This piece was written by a member of CUPE Local 500 (City of Winnipeg workers).
I wrote this back in March of this year – Egypt and Madison, WI were in the news and City of Winnipeg workers were in strike prep. It’s sat for a while, but I thought it was time to post it – especially with given the tsunami of uncritical NDP boosterism currently underway in many of our locals. Sure McFayden [leader of the Manitoba Tories who announced his resignation after they lost the election Oct. 4] would be a nightmare, but folks aren’t exactly livin’ the dream right now. It’s time to start talking to each other, instead of just taking cues from above.
It’s March 9, 2011 and as I write this members of the Canadian Union of Public Employees Local 500 (L500) have just finished a second day of signing up for picket duty. This is the first time in years that L500 has prepped for a strike. If members do walk, it will be for the first time since 1919.
So, it’s been awhile.
A lot happens in 92 years. Great Depressions happen. So does a war, or two, or three, or four. Babies boom. Courts and law-makers say you can’t have a general strike anymore. The 60s happen and boomers rage – for a while anyway. Indigenous peoples show up where Eastern Europeans once were. Women show up too – standing up and speaking out. Big hair and Dynasty make the scene. Fridays are Filmon-ized. And then a decade and more painted Orange. Painted bright, so that you have to squint to see if there’s any value left there at all, any values at all.
It’s an unsettling time for working people, that’s, at least, easy to see. From the massive attacks on workers’ rights in Wisconsin and other places around the U.S., to Rob Ford’s obsession with ending a “gravy train” in Toronto, to unions in Egypt breaking free and saying “No!” to so much more than just a regime. It’s all happening. It’s all in the mix. But even though it’s there, it’s still just background.
We’re in Winnipeg.
And in the foreground here, for a local like L500, are elections – past, future, the fall-out, but mostly the forgetting. A ball park mayor is clearly the enemy so let’s reach for our friends on Broadway, or Ottawa even – there’s a few there, after all – and their friends too. Let’s help “elect our bosses.” (Then let’s forget about what they promised, or what they didn’t.) “Let’s do this!”
And while we do this, let’s not do something else. Let’s not really talk to our members unless we need them to bleed Orange for a month or two. Let’s not welcome them at the door when they climb up those steely Union Centre stairs. Let’s not entertain another point of view.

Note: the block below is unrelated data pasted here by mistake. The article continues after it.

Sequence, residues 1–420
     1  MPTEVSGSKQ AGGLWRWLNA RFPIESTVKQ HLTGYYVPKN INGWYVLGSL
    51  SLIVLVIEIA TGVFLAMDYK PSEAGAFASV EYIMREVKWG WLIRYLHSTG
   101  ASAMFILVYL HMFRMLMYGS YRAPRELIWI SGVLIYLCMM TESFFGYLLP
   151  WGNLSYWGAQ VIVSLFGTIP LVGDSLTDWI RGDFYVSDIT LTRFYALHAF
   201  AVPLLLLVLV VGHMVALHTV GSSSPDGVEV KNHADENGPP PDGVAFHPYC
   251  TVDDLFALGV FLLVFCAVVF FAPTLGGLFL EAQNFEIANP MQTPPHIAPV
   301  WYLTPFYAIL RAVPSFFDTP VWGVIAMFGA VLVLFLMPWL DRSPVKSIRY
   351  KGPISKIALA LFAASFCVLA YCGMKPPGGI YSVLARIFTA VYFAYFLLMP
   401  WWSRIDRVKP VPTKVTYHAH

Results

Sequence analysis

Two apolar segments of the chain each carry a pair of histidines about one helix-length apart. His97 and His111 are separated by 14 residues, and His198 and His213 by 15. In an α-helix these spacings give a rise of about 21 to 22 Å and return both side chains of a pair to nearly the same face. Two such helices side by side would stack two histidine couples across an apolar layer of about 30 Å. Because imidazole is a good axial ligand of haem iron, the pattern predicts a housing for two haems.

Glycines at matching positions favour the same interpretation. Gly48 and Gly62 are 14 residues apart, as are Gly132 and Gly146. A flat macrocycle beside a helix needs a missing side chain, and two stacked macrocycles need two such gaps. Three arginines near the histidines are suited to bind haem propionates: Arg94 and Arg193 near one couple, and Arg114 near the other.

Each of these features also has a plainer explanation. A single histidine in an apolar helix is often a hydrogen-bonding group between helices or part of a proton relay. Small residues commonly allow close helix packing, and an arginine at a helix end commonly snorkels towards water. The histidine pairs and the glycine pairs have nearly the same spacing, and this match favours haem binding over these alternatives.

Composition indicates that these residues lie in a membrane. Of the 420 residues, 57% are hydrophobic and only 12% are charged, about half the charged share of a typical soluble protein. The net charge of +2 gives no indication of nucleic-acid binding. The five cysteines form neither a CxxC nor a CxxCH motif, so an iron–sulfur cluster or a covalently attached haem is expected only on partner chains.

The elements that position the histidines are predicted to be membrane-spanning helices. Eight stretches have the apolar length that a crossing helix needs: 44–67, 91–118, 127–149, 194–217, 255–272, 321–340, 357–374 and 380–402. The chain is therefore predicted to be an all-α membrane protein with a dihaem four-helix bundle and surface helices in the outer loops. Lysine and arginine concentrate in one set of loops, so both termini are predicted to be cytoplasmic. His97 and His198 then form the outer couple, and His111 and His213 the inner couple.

Maybe if we repeat ourselves Monday meeting after meeting, month on month, maybe if we say it a little slower, a little louder, with a drop of passion more, maybe they will get it. They may be skilled craftspeople, deliberate technicians, accomplished researchers, community developers, office multi-taskers, but they don’t know what we know:
that the fear of four more years of ball park games ought to be enough. That the thought of Blue on Broadway really ought to be enough — to staff phone banks, get on the horn, give weeks of time and attention, dedicate themselves to something bigger than themselves.
While at the same time forgetting themselves.
What a trick. What leadership – with followers invisible to themselves. Forgetting their own power. Or not even wondering where it went, or how things got this way. Until maybe they start hearing the background noise. Tune in to some footage. “Wonder how far away is Madison, really?” “Remember the last time we were in Toronto?”
But we’re in Winnipeg, and it’s 2011.
A Great Depression happened. And a war, or two, or three, or four. Babies boomed. Courts and law-makers said we couldn’t have a general strike anymore. The 60s happened and boomers raged – for a very little while. Indigenous peoples showed up and stayed. Women stayed too – still speaking out. Big hair and Dynasty came and went and came again. Fridays were Filmon-ized and now our members take furloughs.
And it’s been a decade and more painted Orange. Bleeding still. Maybe now beginning to stop.